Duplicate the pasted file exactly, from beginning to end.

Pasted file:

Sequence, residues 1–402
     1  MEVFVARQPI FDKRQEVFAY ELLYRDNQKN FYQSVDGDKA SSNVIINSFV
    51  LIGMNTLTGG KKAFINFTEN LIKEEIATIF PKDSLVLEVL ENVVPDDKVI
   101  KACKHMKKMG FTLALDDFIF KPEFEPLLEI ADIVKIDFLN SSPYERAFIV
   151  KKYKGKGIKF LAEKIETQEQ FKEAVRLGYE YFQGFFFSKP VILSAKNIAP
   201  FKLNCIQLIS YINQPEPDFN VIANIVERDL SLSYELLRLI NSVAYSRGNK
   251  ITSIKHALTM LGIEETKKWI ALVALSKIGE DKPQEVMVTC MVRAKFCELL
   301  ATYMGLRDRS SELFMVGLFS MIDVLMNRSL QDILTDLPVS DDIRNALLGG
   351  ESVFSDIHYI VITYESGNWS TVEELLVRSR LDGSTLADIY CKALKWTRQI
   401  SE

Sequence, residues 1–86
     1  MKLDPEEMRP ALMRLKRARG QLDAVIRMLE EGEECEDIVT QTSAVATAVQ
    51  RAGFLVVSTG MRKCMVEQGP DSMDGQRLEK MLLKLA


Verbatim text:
Sequence, residues 1–402
     1  MEVFVARQPI FDKRQEVFAY ELLYRDNQKN FYQSVDGDKA SSNVIINSFV
    51  LIGMNTLTGG KKAFINFTEN LIKEEIATIF PKDSLVLEVL ENVVPDDKVI
   101  KACKHMKKMG FTLALDDFIF KPEFEPLLEI ADIVKIDFLN SSPYERAFIV
   151  KKYKGKGIKF LAEKIETQEQ FKEAVRLGYE YFQGFFFSKP VILSAKNIAP
   201  FKLNCIQLIS YINQPEPDFN VIANIVERDL SLSYELLRLI NSVAYSRGNK
   251  ITSIKHALTM LGIEETKKWI ALVALSKIGE DKPQEVMVTC MVRAKFCELL
   301  ATYMGLRDRS SELFMVGLFS MIDVLMNRSL QDILTDLPVS DDIRNALLGG
   351  ESVFSDIHYI VITYESGNWS TVEELLVRSR LDGSTLADIY CKALKWTRQI
   401  SE

Sequence, residues 1–86
     1  MKLDPEEMRP ALMRLKRARG QLDAVIRMLE EGEECEDIVT QTSAVATAVQ
    51  RAGFLVVSTG MRKCMVEQGP DSMDGQRLEK MLLKLA